Travel Guide: GERMANY-WINTERBERG
Winterberg is perhaps the best known of the German parks, and of the places we visited is the only one that I would call a true Bikepark – that is, the only one where freeride actually meant some nice feature packed trails rather than riding down a forest road! It is also the smallest hill of the three, but they have used what they have so well and it really cries out to me as a model for what we should be seeing here in the UK – a short hill packed with downhill and freeride features with a direct chairlift to the top. For now though we will have to take the drive from Calais to enjoy all this.
The trails have been built by the same team who brought us the Willengen World Cup downhill track which most of you will have seen on the Earthed DVD’s. The downhill here is of a similar man made style with large rock gardens created, big berms and jumps, it actually suits the smaller hill well and there are still plenty of lines there to practise and dial in.
Unlike the other two venues though, downhill is not the sole or main reason to come and ride Winterberg. No, it is more about the playtime and the airtime in Winterberg, with some great freeride runs snaking their way down the hill. These freeride trails have countless berms switchbacking with rollers along the straights. Then you have the 4X track and the excellent slopestyle area, easily the best of its kind currently in Europe, it features satellite dish step–in step–out jumps, drops, gaps and loads of really high northshore. On the hill there are road gaps, doubles, tables, wallrides, ladder drops – the lot, it really is flat out in Winterberg.
So with all gravity aspects of the sport so well covered it is no big surprise that they hold an event here, with downhill, 4X and slopestyle competitions. It is called the IXS Masters and has been growing exponentially to become Europe’s largest bike race event and expo with some 700–800 entries to the downhill!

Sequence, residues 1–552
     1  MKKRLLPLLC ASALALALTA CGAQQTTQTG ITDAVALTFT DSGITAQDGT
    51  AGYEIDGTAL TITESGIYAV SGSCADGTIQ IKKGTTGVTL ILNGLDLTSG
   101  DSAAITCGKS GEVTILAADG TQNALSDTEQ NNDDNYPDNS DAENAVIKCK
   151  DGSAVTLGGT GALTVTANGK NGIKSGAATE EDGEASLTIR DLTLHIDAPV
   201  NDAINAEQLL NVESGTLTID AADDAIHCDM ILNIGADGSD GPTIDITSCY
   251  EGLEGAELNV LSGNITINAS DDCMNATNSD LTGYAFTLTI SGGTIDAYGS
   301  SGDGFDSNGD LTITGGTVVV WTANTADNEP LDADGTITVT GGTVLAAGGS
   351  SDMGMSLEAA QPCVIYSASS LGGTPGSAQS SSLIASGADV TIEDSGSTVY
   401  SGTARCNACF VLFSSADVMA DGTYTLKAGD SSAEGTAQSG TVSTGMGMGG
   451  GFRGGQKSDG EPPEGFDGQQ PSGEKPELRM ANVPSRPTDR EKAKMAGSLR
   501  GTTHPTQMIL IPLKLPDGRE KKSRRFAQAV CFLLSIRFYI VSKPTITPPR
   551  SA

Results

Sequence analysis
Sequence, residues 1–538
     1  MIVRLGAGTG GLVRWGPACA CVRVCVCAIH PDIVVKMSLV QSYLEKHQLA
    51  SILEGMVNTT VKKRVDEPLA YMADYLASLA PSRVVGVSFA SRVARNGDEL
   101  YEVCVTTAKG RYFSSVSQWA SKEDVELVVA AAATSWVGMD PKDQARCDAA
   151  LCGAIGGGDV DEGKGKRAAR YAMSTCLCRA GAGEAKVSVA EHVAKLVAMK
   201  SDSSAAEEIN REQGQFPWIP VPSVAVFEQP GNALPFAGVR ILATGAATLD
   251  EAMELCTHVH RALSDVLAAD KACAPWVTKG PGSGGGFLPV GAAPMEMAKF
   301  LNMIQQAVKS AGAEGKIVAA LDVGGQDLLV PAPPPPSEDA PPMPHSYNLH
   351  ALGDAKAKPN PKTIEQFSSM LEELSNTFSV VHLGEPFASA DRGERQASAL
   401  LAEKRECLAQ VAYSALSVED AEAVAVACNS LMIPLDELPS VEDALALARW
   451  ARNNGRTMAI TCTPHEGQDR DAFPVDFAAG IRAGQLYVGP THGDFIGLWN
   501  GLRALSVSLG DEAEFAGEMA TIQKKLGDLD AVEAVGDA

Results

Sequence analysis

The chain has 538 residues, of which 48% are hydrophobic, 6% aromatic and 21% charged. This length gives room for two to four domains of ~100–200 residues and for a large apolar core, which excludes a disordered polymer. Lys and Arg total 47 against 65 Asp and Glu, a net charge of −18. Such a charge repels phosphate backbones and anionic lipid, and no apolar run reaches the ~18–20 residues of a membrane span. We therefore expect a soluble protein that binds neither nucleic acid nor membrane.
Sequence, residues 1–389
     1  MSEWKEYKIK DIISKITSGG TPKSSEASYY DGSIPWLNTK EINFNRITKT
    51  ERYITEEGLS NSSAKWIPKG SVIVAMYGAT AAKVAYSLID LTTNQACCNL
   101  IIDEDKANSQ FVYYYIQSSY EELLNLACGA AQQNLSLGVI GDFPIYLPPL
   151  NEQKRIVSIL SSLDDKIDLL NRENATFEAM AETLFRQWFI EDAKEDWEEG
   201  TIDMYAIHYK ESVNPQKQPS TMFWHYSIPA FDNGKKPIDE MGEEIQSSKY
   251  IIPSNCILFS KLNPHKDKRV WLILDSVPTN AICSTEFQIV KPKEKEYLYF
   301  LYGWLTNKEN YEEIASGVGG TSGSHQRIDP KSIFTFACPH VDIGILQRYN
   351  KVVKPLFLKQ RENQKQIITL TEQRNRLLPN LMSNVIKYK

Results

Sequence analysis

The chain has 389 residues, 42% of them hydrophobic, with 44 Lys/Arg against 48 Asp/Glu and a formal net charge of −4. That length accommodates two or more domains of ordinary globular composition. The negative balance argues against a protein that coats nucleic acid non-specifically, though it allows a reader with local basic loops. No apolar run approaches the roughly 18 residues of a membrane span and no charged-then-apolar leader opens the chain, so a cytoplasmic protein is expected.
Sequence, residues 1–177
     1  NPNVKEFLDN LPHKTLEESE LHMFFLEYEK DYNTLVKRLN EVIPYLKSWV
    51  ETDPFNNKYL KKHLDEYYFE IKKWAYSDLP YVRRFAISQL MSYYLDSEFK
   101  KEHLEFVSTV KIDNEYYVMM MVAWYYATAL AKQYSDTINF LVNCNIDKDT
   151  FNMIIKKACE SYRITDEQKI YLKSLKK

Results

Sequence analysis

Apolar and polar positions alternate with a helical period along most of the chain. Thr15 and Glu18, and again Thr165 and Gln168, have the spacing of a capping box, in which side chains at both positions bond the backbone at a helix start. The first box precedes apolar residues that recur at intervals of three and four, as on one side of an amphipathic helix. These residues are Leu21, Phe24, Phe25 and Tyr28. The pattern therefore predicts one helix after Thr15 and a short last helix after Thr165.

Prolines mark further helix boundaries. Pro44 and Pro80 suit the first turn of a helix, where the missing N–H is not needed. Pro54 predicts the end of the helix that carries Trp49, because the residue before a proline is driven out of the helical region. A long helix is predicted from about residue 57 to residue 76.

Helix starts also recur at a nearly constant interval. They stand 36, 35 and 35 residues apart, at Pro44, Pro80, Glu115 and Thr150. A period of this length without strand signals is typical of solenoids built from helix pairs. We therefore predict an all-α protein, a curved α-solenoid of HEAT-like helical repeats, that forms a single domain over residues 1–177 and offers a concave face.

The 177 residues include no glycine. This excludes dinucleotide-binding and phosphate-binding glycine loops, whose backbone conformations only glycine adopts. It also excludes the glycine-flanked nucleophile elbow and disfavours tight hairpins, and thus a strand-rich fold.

The Central Hotel does exactly what is says on the tin, accommodation in the town centre and right near the Bikepark.
Relax at the Ruhrquellenhutte mountain restaurant, not far from the trails. This is a great place to unwind at the end of the day. If you want a little break away from the park to try some local specialities then head for the Haus Herrloch Restaurant located beneath the St Georges Ski Jump.
There’s a choice of three clubs, Tenne with its three floors, Alpenrausch and the Raidon. Between them they serve over 100 beers! Or for a drop of the black stuff, try the Black
Water Irish bar.
There is a small bike shop and rental place in the park with a workshop for repairs.
There is an old two man chairlift which does the job of taking you to the top in next to no time. It can get busy at weekends, so there may be some queuing.
Day bike pass is 24.50 euros.
The Climate in Germany is generally pretty pleasant to ride in through the summer months, it stays very green and there is usually some rainfall each week keeping the trails in good condition. The temperatures usually lie between 20 and 30 degrees.
I would recommend driving to these resorts, as Winterberg is just 5 ½ hrs from the ferry, Bad Wildbad is 3 ½ hrs south from Winterberg, and Todtnau is 2 hours south of Bad Wildbad. Load up your van with your mates and road trip it, it’s a good weeks riding. Dortmund is the closest airport to Winterberg and Stuttgart is the nearest large airport to Todtnau.
This is a tricky one. If you love downhill then take the downhill bike, as you can ride it at all three. If you are more into the freeride side of the sport then a smaller bike will be better on the slopestyle, trails and 4X in Winterberg, but you’d have to be insane to try and ride the downhill at Bad Wildbad on a hardtail! Perhaps another argument for taking a van over is you can take two bikes if you have them.
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